I have a question for you this week: Have you ever met someone the first impression of whom has been quite negative and found it difficult to ever shake that initial impression – even if they are subsequently quite nice to you? Well, this week I want to share research from the University of Chicago that may explain why this can often be the case and that it is nothing to be concerned about as many other people are likely to experience the same phenomenon.
In the research psychologists call the area we are referring to as the ‘moral tipping point’ and they suggest that we humans find it far more difficult to overcome a negative impression and turn it into a positive one than we do when it comes to turning a positive impression into a negative one.
To illustrate the point, imagine a set of scales. What the psychologists are suggesting are that negative impressions hold much more ‘weight’ and have more of an impact. Therefore we need to witness far more positive impressions of someone to balance and then outweigh a negative one. The practical impact means that if someone who you initially thought of as positive does something you perceive to be negative you may start to think of them in a negative way (rather than, logically, not having any particularly positive or negative feelings towards them).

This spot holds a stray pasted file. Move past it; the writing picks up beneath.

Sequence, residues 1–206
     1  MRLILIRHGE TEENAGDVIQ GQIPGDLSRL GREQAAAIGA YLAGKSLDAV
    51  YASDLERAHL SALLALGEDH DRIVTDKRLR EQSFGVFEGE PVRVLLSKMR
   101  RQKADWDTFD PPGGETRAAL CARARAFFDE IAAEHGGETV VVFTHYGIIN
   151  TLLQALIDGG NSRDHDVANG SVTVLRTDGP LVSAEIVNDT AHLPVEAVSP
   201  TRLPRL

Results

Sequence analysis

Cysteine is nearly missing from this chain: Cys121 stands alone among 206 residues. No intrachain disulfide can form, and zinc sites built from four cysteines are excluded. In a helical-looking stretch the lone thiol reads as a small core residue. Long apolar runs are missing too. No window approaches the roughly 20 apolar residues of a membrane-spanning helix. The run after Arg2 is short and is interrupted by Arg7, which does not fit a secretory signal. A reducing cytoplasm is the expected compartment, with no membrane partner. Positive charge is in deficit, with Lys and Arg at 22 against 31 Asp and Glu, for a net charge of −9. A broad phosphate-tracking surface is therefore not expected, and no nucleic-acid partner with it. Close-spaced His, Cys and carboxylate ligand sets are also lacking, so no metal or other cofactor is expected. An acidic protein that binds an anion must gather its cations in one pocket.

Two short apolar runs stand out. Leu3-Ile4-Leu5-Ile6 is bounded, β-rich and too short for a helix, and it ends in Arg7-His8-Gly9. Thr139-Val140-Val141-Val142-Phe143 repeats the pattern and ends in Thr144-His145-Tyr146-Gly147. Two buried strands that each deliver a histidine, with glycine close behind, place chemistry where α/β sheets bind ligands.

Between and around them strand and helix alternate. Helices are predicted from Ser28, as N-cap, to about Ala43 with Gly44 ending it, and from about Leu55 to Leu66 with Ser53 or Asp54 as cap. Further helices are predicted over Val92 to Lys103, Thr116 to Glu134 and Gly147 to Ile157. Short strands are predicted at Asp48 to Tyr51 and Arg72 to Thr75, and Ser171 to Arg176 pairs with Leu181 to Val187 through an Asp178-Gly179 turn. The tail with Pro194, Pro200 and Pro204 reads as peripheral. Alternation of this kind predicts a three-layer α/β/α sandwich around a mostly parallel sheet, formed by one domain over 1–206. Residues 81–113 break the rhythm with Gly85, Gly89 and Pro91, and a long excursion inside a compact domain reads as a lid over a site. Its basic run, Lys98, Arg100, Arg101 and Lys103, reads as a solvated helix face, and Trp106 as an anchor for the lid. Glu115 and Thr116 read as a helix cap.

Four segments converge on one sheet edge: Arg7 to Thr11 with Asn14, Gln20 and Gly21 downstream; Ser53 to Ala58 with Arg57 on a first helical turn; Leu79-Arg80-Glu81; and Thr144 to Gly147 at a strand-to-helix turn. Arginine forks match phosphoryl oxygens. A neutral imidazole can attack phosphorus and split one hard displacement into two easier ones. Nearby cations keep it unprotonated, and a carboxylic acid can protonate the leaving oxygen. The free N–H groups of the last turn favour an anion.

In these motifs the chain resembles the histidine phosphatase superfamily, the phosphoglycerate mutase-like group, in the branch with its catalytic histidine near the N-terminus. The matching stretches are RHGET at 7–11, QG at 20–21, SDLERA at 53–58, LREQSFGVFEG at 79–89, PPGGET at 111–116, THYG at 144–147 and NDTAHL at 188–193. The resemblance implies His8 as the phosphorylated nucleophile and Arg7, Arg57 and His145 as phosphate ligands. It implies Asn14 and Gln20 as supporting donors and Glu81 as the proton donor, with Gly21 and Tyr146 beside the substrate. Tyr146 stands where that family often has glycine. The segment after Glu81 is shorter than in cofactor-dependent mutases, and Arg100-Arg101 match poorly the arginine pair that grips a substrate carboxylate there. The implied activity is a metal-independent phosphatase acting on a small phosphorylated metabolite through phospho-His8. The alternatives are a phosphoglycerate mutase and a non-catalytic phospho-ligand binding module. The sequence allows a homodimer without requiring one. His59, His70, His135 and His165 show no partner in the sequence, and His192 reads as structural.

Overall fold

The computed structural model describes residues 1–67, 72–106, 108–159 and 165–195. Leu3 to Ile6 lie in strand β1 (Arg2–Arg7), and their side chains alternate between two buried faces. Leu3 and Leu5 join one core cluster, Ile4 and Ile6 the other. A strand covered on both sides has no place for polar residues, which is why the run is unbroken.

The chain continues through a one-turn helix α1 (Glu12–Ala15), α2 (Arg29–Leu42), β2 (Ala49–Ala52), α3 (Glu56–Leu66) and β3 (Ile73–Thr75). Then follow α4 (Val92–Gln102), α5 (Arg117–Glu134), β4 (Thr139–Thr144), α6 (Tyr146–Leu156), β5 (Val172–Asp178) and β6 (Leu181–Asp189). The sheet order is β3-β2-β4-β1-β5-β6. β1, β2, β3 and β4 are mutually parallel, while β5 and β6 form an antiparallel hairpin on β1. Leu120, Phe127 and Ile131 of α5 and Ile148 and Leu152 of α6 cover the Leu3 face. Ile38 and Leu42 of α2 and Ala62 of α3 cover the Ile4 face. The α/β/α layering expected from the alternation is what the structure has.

This week I am therefore challenging you to keep your eye open to people who you are treating unfairly based on this bias. Is there someone in your professional or personal life who deserves a level playing field in order for you to connect with them? It is quite possible you are sabotaging a relationship based on this common and unconscious bias.
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Have a good week,
The Meetology® Lab
Klein, N., & O’Brien, E. (2016). The Tipping Point of Moral Change:When Do Good and Bad Acts Make Good and Bad Actors?. Social Cognition, 34(2), 149